Lale was the Auschwitz camp’s Tätowierer, or tattooist, where he had inked thousands of inmates’ identification numbers. Gita was one of those prisoners.
Lale’s memoir “The Tattooist Of Auschwitz”, written by Heather Morris, reveals when Lale and Gita were separated after the camp's liberation, Lale bartered Nazi gems for food and medicine for those in need.
Several months after the war, Gita was in Slovokia and accidentally stepped in front of a horse and cart. That cart was driven by Lale. Some say strange coincidence— others say fate. The two Holocaust survivors married in October 1945.
The couple’s love story went from fleeing Auschwitz to starting a textile business in Australia. They soon had their baby in 1961, and named him Gary.
Lale hadn’t shared his story, or his secret love, until Gita’s death, for fear of being perceived as a Nazi collaborator.
Starting from autumn in 1941 to the spring of 1943, all prisoners at the death camp had been tattooed.
These forced tattoos are most recognizable for their shakiness. Only prisoners at Auschwitz, Birkenau, and Monowitz, were tattooed.
In the beginning of the process, a metal stamp was used brand the entire number into the skin. Then, ink was rubbed into the open wound. Eventually, the SS introduced a twin-needle device that Lale used during his time as a tattooist.
When Gita was brought to Lale in July 1942, Lale had hesitations. "Tattooing men was one thing, but the thin arm of a young girl made him feel horrified," Morris said.
Late was told he had to tattoo the digits on the paper handed to him, 3 4 9 0 2, or he would be condemned to death.
"There is something about this girl and her bright eyes," Lale said.
Years later, Lale will tell Morris how in that moment, as he tattooed her number on her left arm, she tattooed her number in his heart.
Lale, had died at 90-years-old, but his legacy as the tätowierer lives on.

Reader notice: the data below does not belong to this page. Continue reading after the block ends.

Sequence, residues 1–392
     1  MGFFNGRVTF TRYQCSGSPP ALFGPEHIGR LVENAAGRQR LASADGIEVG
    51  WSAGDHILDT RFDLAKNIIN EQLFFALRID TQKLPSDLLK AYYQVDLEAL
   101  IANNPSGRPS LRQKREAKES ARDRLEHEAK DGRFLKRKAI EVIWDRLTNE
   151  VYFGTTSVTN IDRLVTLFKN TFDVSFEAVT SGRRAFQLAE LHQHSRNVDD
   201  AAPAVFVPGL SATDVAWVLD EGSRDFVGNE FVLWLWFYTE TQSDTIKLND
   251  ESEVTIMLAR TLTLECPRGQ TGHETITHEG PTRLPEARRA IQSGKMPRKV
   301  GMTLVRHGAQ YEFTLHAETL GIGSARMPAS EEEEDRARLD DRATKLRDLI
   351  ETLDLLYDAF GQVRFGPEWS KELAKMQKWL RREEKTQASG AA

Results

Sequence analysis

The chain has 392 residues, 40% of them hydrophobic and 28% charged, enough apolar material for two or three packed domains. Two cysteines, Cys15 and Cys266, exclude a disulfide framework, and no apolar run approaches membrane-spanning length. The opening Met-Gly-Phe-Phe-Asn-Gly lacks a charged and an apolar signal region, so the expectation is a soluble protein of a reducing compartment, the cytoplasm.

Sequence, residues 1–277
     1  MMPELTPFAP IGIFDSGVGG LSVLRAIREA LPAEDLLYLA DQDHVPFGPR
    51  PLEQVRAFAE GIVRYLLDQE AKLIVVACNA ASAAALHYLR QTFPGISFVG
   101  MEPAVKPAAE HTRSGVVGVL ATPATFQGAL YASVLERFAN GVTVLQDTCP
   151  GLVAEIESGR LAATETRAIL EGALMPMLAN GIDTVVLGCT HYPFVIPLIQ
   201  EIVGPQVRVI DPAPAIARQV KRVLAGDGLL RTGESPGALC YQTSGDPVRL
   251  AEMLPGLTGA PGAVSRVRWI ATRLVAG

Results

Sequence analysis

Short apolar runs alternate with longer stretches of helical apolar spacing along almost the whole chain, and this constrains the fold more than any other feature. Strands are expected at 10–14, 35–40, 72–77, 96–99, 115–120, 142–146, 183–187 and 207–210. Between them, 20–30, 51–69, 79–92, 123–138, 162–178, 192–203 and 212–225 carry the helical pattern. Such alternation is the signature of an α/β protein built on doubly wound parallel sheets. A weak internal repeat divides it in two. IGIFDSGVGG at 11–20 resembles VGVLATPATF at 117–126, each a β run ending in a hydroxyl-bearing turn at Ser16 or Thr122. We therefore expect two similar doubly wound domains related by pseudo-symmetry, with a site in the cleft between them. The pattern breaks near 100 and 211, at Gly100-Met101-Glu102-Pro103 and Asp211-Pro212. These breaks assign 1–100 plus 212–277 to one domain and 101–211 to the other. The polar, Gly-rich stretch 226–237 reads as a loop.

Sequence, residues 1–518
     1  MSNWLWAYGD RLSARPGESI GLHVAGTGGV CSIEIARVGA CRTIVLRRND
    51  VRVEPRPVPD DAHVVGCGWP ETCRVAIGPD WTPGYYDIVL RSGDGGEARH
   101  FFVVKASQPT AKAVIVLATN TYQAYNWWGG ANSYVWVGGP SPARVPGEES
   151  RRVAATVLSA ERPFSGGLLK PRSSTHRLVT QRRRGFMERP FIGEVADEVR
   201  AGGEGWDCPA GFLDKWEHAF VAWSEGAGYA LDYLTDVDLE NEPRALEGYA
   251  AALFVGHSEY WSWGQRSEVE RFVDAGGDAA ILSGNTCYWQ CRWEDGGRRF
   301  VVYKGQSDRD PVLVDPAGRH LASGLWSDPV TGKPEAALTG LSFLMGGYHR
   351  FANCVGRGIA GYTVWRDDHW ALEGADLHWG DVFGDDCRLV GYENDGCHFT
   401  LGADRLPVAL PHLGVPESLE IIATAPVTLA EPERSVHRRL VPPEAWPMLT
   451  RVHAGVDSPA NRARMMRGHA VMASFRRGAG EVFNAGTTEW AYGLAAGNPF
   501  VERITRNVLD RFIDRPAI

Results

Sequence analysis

Heather Morris said that a woman told her that her father “owed his life to Lale,” without ever having known his real identity.
"A much older man had volunteered to take his place and Lale had re-inked their numbers in secret, swapping their identities,” Morris said. “That teenager grew into a man, got married, had a family and a future because of the tattooist.”
It had taken Morris two to three visits a week, for three years, for Lale to piece together those memories.
"He was very skilled at shutting down his past,” she said. “He had survivor’s guilt, a pain he’d buried for 60 years."
Late had kept this secret so close to him, because many people who saw the prisoners who worked for the SS at the camps as being an affiliate with the brutality.
However, he did what he had to to survive. "He said he wasn't told he could have this job or that job,'' says Morris. "You took whatever was being offered. You took it and you were grateful because it meant that you might wake up the next morning."
The "Tattooist Of Auschwitz", has become a global bestseller, and BBC is now turning it into a TV series. It will broadcast by 2020, just before the 75th anniversary of the liberation of the camp.